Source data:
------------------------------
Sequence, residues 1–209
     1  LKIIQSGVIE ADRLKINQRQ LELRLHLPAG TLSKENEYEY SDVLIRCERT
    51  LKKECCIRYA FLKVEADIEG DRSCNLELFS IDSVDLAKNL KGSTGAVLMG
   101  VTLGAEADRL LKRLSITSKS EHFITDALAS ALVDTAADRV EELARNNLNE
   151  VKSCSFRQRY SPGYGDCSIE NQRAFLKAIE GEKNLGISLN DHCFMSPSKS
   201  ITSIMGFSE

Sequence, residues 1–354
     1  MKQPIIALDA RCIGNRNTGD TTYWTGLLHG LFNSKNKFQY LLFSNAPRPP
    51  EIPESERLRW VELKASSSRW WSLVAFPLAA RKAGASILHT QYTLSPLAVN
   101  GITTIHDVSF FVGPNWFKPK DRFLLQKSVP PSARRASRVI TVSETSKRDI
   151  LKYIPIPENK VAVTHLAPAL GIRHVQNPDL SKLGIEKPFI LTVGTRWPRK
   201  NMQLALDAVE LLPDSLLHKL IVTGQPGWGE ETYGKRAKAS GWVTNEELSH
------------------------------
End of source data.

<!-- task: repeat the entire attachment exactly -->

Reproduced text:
Sequence, residues 1–209
     1  LKIIQSGVIE ADRLKINQRQ LELRLHLPAG TLSKENEYEY SDVLIRCERT
    51  LKKECCIRYA FLKVEADIEG DRSCNLELFS IDSVDLAKNL KGSTGAVLMG
   101  VTLGAEADRL LKRLSITSKS EHFITDALAS ALVDTAADRV EELARNNLNE
   151  VKSCSFRQRY SPGYGDCSIE NQRAFLKAIE GEKNLGISLN DHCFMSPSKS
   201  ITSIMGFSE

Sequence, residues 1–354
     1  MKQPIIALDA RCIGNRNTGD TTYWTGLLHG LFNSKNKFQY LLFSNAPRPP
    51  EIPESERLRW VELKASSSRW WSLVAFPLAA RKAGASILHT QYTLSPLAVN
   101  GITTIHDVSF FVGPNWFKPK DRFLLQKSVP PSARRASRVI TVSETSKRDI
   151  LKYIPIPENK VAVTHLAPAL GIRHVQNPDL SKLGIEKPFI LTVGTRWPRK
   201  NMQLALDAVE LLPDSLLHKL IVTGQPGWGE ETYGKRAKAS GWVTNEELSH